Using this definition on our asset we see for example:
  • Compared with the benchmark SPY (18.8%) in the period of the last 5 years, the historical 30 days volatility of 15.1% of iShares Global Consumer Staples ETF is lower, thus better.
  • Compared with SPY (22.3%) in the period of the last 3 years, the volatility of 17.4% is lower, thus better.

DownVol:

'The downside volatility is similar to the volatility, or standard deviation, but only takes losing/negative periods into account.'

Applying this definition to our asset in some examples:
  • The downside volatility over 5 years of iShares Global Consumer Staples ETF is 10.9%, which is smaller, thus better compared to the benchmark SPY (13.7%) in the same period.
  • Compared with SPY (16.5%) in the period of the last 3 years, the downside deviation of 12.6% is lower, thus better.

Sharpe:

'The Sharpe ratio is the measure of risk-adjusted return of a financial portfolio. Sharpe ratio is a measure of excess portfolio return over the risk-free rate relative to its standard deviation. Normally, the 90-day Treasury bill rate is taken as the proxy for risk-free rate. A portfolio with a higher Sharpe ratio is considered superior relative to its peers. The measure was named after William F Sharpe, a Nobel laureate and professor of finance, emeritus at Stanford University.'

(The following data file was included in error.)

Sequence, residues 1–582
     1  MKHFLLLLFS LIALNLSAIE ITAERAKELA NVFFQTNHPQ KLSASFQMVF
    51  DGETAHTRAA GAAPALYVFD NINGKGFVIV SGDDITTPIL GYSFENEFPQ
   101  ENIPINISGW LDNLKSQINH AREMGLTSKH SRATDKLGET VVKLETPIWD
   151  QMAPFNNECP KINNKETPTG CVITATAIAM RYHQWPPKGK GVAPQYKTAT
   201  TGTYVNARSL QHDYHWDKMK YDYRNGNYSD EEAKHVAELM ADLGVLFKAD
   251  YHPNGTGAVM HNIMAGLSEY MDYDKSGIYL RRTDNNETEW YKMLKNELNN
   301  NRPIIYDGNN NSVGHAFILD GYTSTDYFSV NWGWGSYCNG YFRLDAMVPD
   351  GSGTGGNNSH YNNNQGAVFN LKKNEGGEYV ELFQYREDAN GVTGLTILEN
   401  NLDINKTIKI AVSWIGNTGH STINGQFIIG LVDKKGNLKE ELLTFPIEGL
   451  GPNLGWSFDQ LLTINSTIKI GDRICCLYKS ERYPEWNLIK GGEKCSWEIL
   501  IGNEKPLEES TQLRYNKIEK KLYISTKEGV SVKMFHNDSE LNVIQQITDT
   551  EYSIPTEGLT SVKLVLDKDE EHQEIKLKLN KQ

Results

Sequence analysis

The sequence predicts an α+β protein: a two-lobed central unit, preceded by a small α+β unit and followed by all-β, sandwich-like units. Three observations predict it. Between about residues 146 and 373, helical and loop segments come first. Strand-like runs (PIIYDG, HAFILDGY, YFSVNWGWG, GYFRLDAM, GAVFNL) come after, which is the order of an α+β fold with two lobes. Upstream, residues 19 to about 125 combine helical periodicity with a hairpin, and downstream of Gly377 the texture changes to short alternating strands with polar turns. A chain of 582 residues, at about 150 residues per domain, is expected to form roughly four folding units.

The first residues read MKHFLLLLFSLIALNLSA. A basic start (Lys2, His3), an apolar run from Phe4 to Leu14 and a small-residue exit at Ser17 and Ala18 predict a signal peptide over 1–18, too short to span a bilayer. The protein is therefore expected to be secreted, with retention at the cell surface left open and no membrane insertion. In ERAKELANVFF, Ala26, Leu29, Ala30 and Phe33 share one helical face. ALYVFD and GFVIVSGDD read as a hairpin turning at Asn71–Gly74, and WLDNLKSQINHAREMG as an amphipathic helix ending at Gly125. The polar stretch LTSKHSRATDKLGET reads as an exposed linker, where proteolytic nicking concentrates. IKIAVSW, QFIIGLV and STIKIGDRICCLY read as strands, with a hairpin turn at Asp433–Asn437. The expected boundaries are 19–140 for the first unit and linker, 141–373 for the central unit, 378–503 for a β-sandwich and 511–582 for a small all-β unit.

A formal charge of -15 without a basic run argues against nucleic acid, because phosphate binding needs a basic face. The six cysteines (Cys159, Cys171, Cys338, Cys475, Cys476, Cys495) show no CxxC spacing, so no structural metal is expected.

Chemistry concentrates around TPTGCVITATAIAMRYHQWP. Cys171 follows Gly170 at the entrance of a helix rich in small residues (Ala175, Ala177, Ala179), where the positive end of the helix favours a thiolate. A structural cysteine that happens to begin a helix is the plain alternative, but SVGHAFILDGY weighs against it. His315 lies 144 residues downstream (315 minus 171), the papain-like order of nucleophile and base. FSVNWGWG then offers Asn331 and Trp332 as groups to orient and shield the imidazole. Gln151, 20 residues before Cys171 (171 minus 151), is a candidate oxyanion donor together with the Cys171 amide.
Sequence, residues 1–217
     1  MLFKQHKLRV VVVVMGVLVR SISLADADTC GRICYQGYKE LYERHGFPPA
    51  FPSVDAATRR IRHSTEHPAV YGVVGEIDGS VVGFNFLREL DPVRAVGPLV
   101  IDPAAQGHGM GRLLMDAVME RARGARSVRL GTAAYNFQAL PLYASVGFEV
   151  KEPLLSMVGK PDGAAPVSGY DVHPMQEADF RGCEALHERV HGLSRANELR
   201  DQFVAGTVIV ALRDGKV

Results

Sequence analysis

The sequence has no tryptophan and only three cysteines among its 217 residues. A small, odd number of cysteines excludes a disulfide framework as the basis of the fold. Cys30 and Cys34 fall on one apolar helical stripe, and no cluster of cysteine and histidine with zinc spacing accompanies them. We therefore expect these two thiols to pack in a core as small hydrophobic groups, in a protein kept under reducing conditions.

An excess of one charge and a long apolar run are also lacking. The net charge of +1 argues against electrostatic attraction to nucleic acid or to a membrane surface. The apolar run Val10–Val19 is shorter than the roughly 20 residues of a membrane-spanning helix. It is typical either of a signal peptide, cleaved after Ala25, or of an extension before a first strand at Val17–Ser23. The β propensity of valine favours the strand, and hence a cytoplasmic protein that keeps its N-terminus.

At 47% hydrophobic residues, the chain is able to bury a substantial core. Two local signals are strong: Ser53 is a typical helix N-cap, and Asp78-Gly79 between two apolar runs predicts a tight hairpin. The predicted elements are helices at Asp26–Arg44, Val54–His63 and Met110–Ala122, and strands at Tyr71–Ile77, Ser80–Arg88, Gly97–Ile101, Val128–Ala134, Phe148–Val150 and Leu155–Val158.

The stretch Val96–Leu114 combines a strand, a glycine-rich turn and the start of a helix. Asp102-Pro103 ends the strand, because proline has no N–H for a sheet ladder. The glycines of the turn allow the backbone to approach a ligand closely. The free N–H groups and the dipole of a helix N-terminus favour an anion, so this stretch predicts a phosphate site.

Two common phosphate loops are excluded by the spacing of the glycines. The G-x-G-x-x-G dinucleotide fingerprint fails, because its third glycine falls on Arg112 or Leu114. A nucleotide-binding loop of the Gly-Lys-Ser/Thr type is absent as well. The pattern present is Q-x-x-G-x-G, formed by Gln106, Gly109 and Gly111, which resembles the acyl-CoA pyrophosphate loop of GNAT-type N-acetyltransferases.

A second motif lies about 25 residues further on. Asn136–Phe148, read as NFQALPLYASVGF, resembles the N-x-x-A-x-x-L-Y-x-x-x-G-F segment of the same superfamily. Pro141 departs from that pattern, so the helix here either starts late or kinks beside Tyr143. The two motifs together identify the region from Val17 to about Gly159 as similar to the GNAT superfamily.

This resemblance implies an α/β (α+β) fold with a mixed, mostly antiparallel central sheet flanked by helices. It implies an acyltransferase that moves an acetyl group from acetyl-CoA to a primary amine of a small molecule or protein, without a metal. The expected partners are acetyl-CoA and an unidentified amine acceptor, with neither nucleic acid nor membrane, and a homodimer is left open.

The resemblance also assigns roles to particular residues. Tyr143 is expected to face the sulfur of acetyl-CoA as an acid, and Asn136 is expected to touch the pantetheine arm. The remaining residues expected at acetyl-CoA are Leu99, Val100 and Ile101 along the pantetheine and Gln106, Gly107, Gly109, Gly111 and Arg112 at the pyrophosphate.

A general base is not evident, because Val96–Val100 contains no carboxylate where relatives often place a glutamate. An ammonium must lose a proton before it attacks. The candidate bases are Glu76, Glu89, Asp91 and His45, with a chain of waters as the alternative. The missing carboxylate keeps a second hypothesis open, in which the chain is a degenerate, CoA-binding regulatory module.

Which means for our asset as example:
  • Looking at the risk / return profile (Sharpe) of 0.29 in the last 5 years of iShares Global Consumer Staples ETF, we see it is relatively smaller, thus worse in comparison to the benchmark SPY (0.58)
  • During the last 3 years, the ratio of return and volatility (Sharpe) is 0.14, which is smaller, thus worse than the value of 0.41 from the benchmark.

Sortino:

'The Sortino ratio, a variation of the Sharpe ratio only factors in the downside, or negative volatility, rather than the total volatility used in calculating the Sharpe ratio. The theory behind the Sortino variation is that upside volatility is a plus for the investment, and it, therefore, should not be included in the risk calculation. Therefore, the Sortino ratio takes upside volatility out of the equation and uses only the downside standard deviation in its calculation instead of the total standard deviation that is used in calculating the Sharpe ratio.'